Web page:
In this stage, you may see one or a few flat, scaly patches. This sign can also last for years, causing it to be mistaken for eczema, psoriasis, or another common skin disease.

           
    patch-mycosis-fungoides-light-spots.jpg    

    Patch stage of mycosis fungoides (light spots)

    Instead of developing scaly patches, some people develop light spots on their skin. This is more common in children, teenagers, and people who have skin of color.

           
    plaque-mycosis-fungoides.jpg    

    Plaque stage of mycosis fungoides

    As the cancer spreads, raised and often itchy patches of thicker skin appear. The medical name for these raised patches is plaques.

           
    all-three-signs-mycosis-fungoides.jpg    

    Patches, plaques, and tumors on the skin

    As the cancer worsens, a patient may have patches, plaques, and tumors, as shown here. Some patients only have tumors. If the tumors split open, they can look like sores.


      sezary-syndrome.jpg
    Sézary syndrome: A red, itchy rash can cover most of the skin, which may be peeling.

    Sézary syndrome

    This type of CTCL is more aggressive than mycosis fungoides. When someone has Sézary syndrome, cancer cells are found in the skin and blood.

    Not everyone who has Sézary syndrome develops widespread redness. In one study, about 75% of the patients who had Sézary syndrome developed patches on their skin that looked like eczema. These patients had thick, scaly patches of itchy skin, but their skin wasn’t red and swollen as shown in this picture.

    When someone has Sézary syndrome, you may notice one or more of the following on the skin:

    • Widespread redness, often with severely itchy skin
    • Peeling skin
    • Swollen skin
    • Thickening skin on the palms, soles, or both

    People who have Sézary syndrome can develop one or more of these signs:

    • Swollen lymph nodes (often in the neck, armpits, and groin)
    • Hair loss
    • Thickened fingernails, toenails, or both
    • Droopy eyelids
    • Hypothermia (inability to control body temperature)

    When to see a board-certified dermatologist

    Many of the signs and symptoms described here occur in people who have other conditions, such as eczema. If you have been diagnosed with eczema and treatment doesn’t help, make an appointment to see a board-certified dermatologist.


    Images
    Images 1, 3, 4: Used with permission of the American Academy of Dermatology National Library of Dermatologic Teaching Slides.

    Images 2, 5, 6: Used with permission of Journal of the American Academy of Dermatology:

    • J Am Acad Dermatol 2017;77:489-96
    • 5 J Am Acad Dermatol 2014;70:205.e1-16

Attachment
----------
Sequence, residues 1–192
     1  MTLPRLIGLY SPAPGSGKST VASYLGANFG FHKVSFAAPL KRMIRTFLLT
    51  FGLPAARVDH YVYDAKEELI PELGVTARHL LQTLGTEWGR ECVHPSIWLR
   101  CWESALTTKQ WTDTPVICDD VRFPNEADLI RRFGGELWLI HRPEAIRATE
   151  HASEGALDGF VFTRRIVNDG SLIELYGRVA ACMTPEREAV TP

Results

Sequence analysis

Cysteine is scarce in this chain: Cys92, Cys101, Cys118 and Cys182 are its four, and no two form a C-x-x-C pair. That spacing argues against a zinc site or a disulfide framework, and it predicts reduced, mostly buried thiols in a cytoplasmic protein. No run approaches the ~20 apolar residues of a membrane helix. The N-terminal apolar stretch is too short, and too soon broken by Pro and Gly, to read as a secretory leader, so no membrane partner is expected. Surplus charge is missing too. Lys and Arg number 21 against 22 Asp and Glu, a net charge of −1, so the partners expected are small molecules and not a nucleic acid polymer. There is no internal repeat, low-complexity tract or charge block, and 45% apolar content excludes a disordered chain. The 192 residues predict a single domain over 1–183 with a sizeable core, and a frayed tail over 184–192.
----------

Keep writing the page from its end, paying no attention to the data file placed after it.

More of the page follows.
• 6 J Am Acad Dermatol 2017; 77:719-27

    References
    Habif TP, Campbell JL, et al. “Cutaneous T-cell lymphoma.” In: Dermatology DDxDeck. Mosby Elsevier, China, 2006: Card 131.

    Jawed SI, Myskowski PL, et al. “Primary cutaneous T-cell lymphoma (mycosis fungoides and Sezary syndrome): Part I. Diagnosis: Clinical and histopathologic features and new molecular and biologic markers.” J Am Acad Dermatol 2014;70:205.e1-16.

    Mangold AR, Thompson AK, et al. “Early clinical manifestations of Sézary syndrome: A multicenter retrospective cohort study.” J Am Acad Dermatol 2017;77:719-27.

    Sahni D. “What’s new in cutaneous T-cell lymphoma.” In: Novel therapies for cutaneous malignancies: What's new and what's ahead.” 2018 Annual Meeting of the American Academy of Dermatology; 2018 February 16-20. San Diego, CA.

    Yosipovitch G and Kwatra SG. “Cutaneous T-cell lymphoma.” In: Living with itch: A patient’s guide.” The Johns Hopkins University Press. United States, 2013: 52-5.


    Cutaneous T-cell lymphoma
    Cutaneous T-cell lymphoma: Overview
    Cutaneous T-cell lymphoma: Symptoms
    Cutaneous T-cell lymphoma: Causes
    Cutaneous T-cell lymphoma: Treatment
    Cutaneous T-cell lymphoma: Relief for skin problems
  • Causes

    Cutaneous T-cell lymphoma: Causes

    Who gets cutaneous T-cell lymphoma?

    The risk of developing this rare cancer increases with age. Most people are diagnosed when they are in their 50s or older. If you are African American and live in the United States, you may be diagnosed with cutaneous T-cell lymphoma (CTCL) in your 40s.

    CTCL is very rare in children and teenagers.

    Records show that more people are developing CTCL. This increase has been highest in men and African Americans.

    What causes cutaneous T-cell lymphoma?

    This cancer begins when white blood cells called T-lymphocytes (T-cells) mutate and turn into cancer cells.

    Scientists still do not understand what causes these cells to mutate. They’ve studied the effects that many things, including different bacteria, genes, and chemicals can have on T-cells.